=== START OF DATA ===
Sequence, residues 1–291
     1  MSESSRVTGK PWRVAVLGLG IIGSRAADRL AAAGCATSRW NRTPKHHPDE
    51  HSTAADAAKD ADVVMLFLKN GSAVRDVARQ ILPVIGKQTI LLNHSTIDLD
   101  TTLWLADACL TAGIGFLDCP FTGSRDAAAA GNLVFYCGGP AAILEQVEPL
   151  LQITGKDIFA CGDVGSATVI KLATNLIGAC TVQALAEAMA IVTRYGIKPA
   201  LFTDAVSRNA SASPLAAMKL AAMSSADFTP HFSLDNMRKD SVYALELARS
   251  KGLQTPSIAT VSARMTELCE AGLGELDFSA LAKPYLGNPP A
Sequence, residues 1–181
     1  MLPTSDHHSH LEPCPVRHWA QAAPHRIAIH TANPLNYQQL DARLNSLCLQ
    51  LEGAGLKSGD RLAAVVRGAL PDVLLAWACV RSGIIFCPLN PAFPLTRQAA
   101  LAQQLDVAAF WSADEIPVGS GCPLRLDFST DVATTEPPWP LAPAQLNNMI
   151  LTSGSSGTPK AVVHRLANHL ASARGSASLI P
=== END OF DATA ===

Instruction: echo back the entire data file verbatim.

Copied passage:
Sequence, residues 1–291
     1  MSESSRVTGK PWRVAVLGLG IIGSRAADRL AAAGCATSRW NRTPKHHPDE
    51  HSTAADAAKD ADVVMLFLKN GSAVRDVARQ ILPVIGKQTI LLNHSTIDLD
   101  TTLWLADACL TAGIGFLDCP FTGSRDAAAA GNLVFYCGGP AAILEQVEPL
   151  LQITGKDIFA CGDVGSATVI KLATNLIGAC TVQALAEAMA IVTRYGIKPA
   201  LFTDAVSRNA SASPLAAMKL AAMSSADFTP HFSLDNMRKD SVYALELARS
   251  KGLQTPSIAT VSARMTELCE AGLGELDFSA LAKPYLGNPP A
Sequence, residues 1–181
     1  MLPTSDHHSH LEPCPVRHWA QAAPHRIAIH TANPLNYQQL DARLNSLCLQ
    51  LEGAGLKSGD RLAAVVRGAL PDVLLAWACV RSGIIFCPLN PAFPLTRQAA
   101  LAQQLDVAAF WSADEIPVGS GCPLRLDFST DVATTEPPWP LAPAQLNNMI
   151  LTSGSSGTPK AVVHRLANHL ASARGSASLI P